The decision by the government to radically simplify the technology behind biometric ID cards will not reduce the cost of the £5.4bn programme, a senior official has disclosed.
The government has postponed plans to build a dedicated computer system to hold biographical details of the population and has dropped plans to record iris scans of the population, it emerged last month.
But James Hall, chief executive of the Identity and Passport Service, said in an interview with Computer Weekly that although the project would now be technically much simpler, the costs were unlikely to come down.
“Although this is a technology-driven programme, the technology is a fairly small part of the total costs. A large part of the costs are around card production, the network of offices to enrol people, the set-up costs and operational costs over 10 years. This is not going to make a dramatic impact on the total costs,” he said.
The news drew criticism from Liberal Democrat shadow home secretary Nick Clegg.
“Whichever way the government attempts to reorganise this vast project, it is clear the expense to every member of the public will remain astronomically high. It is time for the government to face up to the massive problems in this project and scrap it altogether,” he said.
The Home Office’s original plan was for a dedicated population database, storing fingerprints, iris scans and biometric photographs; and mass roll-out of biometric ID cards to the population by 2008.
But Hall said the original proposals “represented a higher level of risk” which it made little sense to pursue after the Home Office had identified simpler alternatives.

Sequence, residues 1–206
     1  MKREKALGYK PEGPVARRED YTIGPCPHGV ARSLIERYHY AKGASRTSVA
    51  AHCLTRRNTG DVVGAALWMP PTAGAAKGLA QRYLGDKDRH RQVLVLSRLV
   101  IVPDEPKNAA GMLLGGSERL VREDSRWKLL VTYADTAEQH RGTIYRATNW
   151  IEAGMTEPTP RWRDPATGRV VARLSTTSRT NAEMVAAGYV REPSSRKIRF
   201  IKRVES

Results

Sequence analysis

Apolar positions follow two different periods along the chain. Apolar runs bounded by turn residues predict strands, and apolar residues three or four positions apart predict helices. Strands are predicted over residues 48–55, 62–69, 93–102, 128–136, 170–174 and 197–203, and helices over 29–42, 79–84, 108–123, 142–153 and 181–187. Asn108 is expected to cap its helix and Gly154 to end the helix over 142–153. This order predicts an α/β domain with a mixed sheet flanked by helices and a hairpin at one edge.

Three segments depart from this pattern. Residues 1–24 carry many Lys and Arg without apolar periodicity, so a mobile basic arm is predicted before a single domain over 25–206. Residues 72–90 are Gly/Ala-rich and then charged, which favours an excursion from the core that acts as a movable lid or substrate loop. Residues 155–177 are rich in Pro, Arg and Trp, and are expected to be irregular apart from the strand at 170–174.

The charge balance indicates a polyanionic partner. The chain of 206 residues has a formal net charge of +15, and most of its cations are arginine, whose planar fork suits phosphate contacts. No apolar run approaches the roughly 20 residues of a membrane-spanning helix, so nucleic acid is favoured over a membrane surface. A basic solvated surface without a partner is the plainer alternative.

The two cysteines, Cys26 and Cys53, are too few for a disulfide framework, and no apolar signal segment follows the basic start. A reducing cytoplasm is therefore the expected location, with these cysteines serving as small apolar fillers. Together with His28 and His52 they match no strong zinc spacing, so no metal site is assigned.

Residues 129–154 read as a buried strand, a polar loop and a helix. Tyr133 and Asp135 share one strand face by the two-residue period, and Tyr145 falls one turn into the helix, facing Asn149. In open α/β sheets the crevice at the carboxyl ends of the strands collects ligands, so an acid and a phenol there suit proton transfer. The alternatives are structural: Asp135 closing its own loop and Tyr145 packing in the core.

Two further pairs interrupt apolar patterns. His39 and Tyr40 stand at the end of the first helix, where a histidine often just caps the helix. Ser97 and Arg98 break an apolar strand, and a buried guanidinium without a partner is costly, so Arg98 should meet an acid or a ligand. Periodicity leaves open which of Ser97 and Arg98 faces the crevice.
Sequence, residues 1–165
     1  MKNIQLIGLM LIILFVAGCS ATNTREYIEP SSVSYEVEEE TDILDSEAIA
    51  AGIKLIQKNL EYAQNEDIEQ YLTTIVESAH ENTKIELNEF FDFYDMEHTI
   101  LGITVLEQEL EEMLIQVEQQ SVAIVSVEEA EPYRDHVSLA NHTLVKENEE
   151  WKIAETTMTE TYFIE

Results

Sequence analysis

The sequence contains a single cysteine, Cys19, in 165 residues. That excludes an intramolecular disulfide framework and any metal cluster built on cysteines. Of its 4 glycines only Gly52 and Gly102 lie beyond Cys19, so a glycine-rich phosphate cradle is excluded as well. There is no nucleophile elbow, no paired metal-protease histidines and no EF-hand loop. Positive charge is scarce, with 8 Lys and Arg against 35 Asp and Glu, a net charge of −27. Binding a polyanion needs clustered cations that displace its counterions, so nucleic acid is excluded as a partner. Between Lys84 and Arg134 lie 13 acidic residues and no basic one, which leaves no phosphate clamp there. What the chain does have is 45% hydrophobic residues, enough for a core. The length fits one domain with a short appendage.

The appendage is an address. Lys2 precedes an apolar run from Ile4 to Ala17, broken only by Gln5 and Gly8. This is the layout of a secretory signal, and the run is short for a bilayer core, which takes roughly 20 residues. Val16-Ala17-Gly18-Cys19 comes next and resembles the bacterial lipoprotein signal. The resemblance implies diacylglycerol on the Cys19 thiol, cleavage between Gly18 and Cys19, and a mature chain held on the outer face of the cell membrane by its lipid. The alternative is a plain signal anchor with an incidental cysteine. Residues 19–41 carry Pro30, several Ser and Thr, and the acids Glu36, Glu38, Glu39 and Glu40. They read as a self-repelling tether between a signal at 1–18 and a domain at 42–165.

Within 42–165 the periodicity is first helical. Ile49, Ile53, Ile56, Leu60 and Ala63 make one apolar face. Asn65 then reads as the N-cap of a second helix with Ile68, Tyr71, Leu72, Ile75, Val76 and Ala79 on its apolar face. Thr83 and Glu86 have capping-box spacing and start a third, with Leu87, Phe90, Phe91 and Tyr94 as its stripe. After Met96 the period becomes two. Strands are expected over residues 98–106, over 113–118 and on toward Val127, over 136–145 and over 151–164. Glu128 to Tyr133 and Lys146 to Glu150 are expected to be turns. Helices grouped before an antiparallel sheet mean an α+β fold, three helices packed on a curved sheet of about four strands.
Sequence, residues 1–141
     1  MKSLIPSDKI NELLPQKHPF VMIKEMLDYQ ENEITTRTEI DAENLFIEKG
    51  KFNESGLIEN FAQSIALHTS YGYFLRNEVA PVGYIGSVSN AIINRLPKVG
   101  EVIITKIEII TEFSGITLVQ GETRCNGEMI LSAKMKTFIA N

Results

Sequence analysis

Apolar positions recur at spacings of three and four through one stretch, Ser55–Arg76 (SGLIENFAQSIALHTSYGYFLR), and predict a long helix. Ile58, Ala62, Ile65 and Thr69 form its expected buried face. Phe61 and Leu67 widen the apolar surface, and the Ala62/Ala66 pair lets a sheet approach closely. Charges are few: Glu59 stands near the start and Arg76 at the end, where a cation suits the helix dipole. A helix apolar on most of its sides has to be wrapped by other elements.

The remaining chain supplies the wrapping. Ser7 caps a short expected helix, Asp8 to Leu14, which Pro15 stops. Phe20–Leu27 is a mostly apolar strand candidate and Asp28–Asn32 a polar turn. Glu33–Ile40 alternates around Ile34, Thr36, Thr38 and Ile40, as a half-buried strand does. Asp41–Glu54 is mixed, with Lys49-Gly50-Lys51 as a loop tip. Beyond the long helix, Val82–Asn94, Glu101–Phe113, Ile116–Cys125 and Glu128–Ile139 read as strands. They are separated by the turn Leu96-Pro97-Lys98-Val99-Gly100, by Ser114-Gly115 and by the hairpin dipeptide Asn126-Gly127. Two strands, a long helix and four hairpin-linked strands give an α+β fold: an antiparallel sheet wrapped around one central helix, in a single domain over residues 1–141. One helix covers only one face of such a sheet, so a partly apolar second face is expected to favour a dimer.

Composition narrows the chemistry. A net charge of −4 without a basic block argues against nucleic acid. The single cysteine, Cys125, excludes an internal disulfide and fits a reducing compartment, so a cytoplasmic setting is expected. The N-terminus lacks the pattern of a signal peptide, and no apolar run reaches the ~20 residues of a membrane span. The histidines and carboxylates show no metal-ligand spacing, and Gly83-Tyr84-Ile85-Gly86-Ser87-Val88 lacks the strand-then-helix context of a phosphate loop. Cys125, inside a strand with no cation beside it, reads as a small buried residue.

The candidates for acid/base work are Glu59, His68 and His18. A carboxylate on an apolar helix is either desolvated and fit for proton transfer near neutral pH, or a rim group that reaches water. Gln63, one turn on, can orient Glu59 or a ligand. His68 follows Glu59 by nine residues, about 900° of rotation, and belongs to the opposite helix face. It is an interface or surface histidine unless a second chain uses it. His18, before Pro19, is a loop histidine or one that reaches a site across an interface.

Under the revised plans, published in a low-key report just before the parliamentary recess, ID cards will not be rolled out to the bulk of the UK population until 2010 – two years later than originally announced – although the government plans to issue biometric documents to foreign nationals in 2008.
Plans for biometric iris scans of the population have also been dropped, and it is likely that the ID cards will store only two fingerprints of the card holder, rather than the 10 originally discussed by ministers. The full set will still be held on a central database.
The Home Office plans to use existing government computer systems rather than build a dedicated system to store biographical and biometric details of the population.
“I think we have a very sensible, pragmatic solution, which can continue to deliver the levels of security, confidentiality, privacy and information compliance with the Data Protection Act,” said Hall.
How ID cards will promote data sharing
- The revised ID cards scheme is central to government plans to share data across government departments
- The Identity and Passport Service is planning a series of joint ventures with government departments to share identity card data
- ID card data will first be shared with the Criminal Records Bureau, the Immigration Department and local governments to create new services, such as employment vetting
- The government published a Serious Crime Bill last week that lays the groundwork for large-scale data matching across departments
- The plans follow a cabinet decision to drop the data protection principle that data collected for one purpose cannot be used for another.
Related article: U-turn cuts ID risks
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